Then 1mole = ?
        1 mole = 11.76 x 1/0.008695 = -1352.50 KJMol-1
        = -1352.5 kJMol-1 (negative value as the reaction is exothermic since heat is evolved)
    2. When ethanol was burnt in the apparatus shown (in example 1), the results were: mass of fuel burnt, M1 =1.50g; mass of water, M2 =500g; ΔT= 13.0oC. (C=12; H=1; O=16; SHC of water=4.18KJKg-1 K-1). Find the molar enthalpy of combustion of ethanol. Compare the experimental value with the listed value of –1368 KJMol-1 and explain any difference.

      Solution:

      Heat evolved = CMΔT
      = 4.18 x 500/1000 x 13 
      = 27.17 kJ
      Molar mass of ethanol, C2H5OH = [(12 x 2) + (1 x 6) + (1 x 16)] = 46
      Thus if 1.5g = 27.17kJ
      Then 46 g = ?
      = 46 x 27.17/1.5
      = 833.213 kJMol
    3. In an experiment to determine the heat of combustion of methanol, CH3OH a student used a set up like the one shown in the diagram below. Study the set up and the data and answer the questions that follow.
      Data:
      Volume of water = 500 cm3
      Final temperature of water = 27.0oC
      Initial temperature of water = 20.0oC
      Final mass of lamp + menthol = 22.11g
      Initial mass of lamp + methanol = 22.98g
      Density of water - 1gcm-3
      (Heat change = mass x temperature change x 4.2Jg-1oC-1

      Questions:
      1. Write an equation for the combustion of methanol. (1mark)
      2.  calculate
        1. The number of moles of methanol used in the experiment (2marks)
        2. The heat change for this experiment. (1mark)
        3. The heat of combustion per mole of methanol. (2marks)
      3. Explain why the molar heat of combustion for methanol obtained in this experiment is different from the theoretical value. (2marks)
    4. When 0.6g of element J were completely burned in oxygen, all the heat evolved was used to heat 500 cm3 of water, the temperature of the water rose from 23.0oC to 32.0oC. Calculate the relative atomic mass of element J given that the specific heat capacity of water = 4.2 Jg-1K-1 , density of water=1.0gcm-3 and molar heat of combustion of J is 380JMol-1 (3marks)
    5. Hydrogen peroxide contained in 100cm3 of solution with water was completely decomposed. The heat evolved was 1380 J. Determine the rise in temperature due to the reaction. (SHC of water = 4.2Jg-1K-1 ; density of water = 1gcm-3; O =16; H = 1) (3 marks)

Fuels

  • Are compounds which produce a high heat of combustion.
  • Fuels can be:-
    • Solids; such as charcoal, wood, coal
    • Liquids; such as ethanol, gasolin
    • Gaseous; such as methane, water, gas etc.

Basic Concepts

Calorific Value

  • Is the energy content of a fuel;
  • Is the heat evolved when a given mass of fuel is completely burnt in oxygen;
    Note:
    • Sometimes fuels may undergo incomplete combustion .
    • Incomplete combustion of fuel is disadvantageous in that:
      -It reduces the energy content.
      -It leads to pollution.

Heating Value

  • Is the amount of heat energy given out when a unit mass or unit volume of a fuel is completely burnt in oxygen.

Fuel pollution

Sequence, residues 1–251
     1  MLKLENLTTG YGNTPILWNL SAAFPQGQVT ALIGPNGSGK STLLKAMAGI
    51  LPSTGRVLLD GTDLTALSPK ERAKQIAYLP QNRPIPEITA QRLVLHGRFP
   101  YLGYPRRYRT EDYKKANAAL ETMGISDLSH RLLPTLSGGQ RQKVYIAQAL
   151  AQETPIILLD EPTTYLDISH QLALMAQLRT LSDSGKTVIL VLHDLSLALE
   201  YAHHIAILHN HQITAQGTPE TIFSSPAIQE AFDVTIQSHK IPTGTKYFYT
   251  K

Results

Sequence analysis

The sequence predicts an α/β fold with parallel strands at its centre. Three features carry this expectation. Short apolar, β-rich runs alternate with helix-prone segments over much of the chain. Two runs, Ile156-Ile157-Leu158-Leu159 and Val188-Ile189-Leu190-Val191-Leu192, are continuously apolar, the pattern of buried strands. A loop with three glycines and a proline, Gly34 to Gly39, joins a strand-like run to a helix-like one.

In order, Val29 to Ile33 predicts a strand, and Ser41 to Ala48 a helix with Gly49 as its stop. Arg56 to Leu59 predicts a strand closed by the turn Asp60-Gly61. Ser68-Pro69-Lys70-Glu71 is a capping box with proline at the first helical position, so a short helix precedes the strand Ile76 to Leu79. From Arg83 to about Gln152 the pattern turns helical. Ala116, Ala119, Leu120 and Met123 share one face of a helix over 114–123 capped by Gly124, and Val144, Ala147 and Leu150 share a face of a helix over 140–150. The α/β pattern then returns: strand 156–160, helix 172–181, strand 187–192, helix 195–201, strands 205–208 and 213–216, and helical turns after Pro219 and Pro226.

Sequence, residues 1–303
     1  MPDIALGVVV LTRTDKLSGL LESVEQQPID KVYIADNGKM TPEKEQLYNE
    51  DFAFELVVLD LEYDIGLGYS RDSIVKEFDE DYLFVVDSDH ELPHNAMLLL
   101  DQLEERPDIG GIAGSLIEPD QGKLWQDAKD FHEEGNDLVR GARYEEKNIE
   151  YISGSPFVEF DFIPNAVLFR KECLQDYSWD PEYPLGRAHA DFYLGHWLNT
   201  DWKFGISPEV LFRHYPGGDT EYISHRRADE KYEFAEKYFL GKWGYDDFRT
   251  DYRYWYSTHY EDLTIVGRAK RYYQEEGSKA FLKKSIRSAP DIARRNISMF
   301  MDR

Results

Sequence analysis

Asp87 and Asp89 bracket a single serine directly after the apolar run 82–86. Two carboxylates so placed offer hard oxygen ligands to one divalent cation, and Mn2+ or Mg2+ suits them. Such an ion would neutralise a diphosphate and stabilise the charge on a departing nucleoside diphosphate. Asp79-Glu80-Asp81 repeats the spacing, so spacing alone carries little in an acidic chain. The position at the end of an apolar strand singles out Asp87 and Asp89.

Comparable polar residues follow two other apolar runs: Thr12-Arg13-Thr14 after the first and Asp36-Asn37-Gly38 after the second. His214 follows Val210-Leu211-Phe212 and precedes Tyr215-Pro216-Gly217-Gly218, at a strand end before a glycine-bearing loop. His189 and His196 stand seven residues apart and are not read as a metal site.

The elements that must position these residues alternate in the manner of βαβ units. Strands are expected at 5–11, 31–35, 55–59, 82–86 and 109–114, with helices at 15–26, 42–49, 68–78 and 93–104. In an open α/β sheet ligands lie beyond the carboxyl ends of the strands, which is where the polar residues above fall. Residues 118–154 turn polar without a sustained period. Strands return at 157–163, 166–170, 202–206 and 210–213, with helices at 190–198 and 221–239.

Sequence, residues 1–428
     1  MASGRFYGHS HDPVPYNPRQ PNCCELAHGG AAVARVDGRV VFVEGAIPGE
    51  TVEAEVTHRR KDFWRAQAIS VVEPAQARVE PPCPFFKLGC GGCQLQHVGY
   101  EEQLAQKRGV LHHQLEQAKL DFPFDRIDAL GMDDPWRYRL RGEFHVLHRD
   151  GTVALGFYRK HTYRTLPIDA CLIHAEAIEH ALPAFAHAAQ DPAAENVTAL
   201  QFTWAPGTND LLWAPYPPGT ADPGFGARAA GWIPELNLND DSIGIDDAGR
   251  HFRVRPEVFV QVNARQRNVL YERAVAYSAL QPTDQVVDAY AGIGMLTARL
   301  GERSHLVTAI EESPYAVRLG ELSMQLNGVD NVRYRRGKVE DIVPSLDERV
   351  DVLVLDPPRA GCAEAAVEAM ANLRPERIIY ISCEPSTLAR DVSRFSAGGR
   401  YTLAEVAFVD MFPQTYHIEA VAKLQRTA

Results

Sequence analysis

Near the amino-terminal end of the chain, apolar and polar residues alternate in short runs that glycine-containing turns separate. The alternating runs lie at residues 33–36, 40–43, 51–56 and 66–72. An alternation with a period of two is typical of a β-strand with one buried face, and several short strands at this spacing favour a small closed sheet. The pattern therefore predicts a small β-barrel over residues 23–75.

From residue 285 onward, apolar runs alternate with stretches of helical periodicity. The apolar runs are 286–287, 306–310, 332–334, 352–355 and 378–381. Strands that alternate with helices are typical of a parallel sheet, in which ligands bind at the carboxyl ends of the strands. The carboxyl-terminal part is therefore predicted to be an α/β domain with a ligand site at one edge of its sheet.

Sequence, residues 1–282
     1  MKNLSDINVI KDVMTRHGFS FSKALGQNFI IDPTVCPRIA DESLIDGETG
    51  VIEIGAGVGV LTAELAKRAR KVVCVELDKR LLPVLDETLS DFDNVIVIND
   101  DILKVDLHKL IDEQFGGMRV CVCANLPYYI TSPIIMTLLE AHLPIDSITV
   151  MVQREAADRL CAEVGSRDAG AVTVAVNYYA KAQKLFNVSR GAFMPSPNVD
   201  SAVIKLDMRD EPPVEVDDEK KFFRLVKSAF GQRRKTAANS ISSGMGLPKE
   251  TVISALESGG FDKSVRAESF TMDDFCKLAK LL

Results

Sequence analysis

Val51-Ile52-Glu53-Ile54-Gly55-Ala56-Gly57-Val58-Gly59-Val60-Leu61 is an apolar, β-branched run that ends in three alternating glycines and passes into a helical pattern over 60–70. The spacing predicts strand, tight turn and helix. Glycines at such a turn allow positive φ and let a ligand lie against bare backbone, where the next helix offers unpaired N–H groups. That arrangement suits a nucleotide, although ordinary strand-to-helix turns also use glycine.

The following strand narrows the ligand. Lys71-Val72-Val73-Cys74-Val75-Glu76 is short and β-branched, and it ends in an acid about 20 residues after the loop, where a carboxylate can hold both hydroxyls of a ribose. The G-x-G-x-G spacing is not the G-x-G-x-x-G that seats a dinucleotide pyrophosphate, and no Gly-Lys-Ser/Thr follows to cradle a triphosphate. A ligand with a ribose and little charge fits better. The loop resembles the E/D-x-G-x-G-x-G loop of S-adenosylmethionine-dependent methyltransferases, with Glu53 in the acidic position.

• Is commonly caused by internal combustion engine.
  • Fuel in engine (e.g. petrol) burns completely to water and carbon (IV) oxide, only under ideal conditions.

Causes of Fuel Pollution

  1. Incomplete combustion which causes production of (produces) CO and unburnt carbon (soot).
  2. Some fuels contain sulphur and nitrogen and on combustion release SO2 and NO2 . These gases are acidic, resulting to acidic rain which corrodes buildings and affects trees and animals in various ways.
  3. Fuel additives; e.g. tetraethyl lead, Pb (C2H5)4 added to petrol to enhance burning efficiency produces volatile lead compounds in the exhaust fumes. Lead is very poisonous and affects the nervous system and the brain in children.

Factors to Consider when Choosing a Fuel.

  1. Heating value
  2. Ease and rate of combustion.
  3. Availability
  4. Ease of transportation
  5. Ease of storag
  6. Environment effects.

Heat of Neutralization

  • Is the heat evolved when acid and a base react to form and mole of water.
    Alternatively;
  • It is the heat evolved when one mole of hydrogen ions from an acid reacts with one mole of hydroxide ions from an alkali to form\ give one mole of water.
    Equation:
    OH-(aq) + H+(aq) → H2O(l)
  • Neutralization reactions are exothermic .
  • Are determined by measuring the temperature rise produced when a known volume of acid is neutralized by a known volume of alkali.

    Examples
    1. Strong acids reacting with strong alkalis.
      • The ΔH is always about –57KJMol-1 and higher than that for weak acids – weak alkalis.
        Reason:-
      • Strong acids and alkalis are already fully ionized in aqueous solution and no heat is lost in ionizing the acid or the alkali.

        Consider:
        Reaction between sodium hydroxide and hydrochloric aci
        NaOH(aq) → Na+(aq) + OH-(aq) 
        HCl(aq) → H+(aq) + Cl-(aq)

        On reacting; OH-(aq) + H+(aq) → H2O(l)

        Diagrammatically (energy level diagram)
        reaction of sodium hydroxide and hydrochloric acid energy level diagram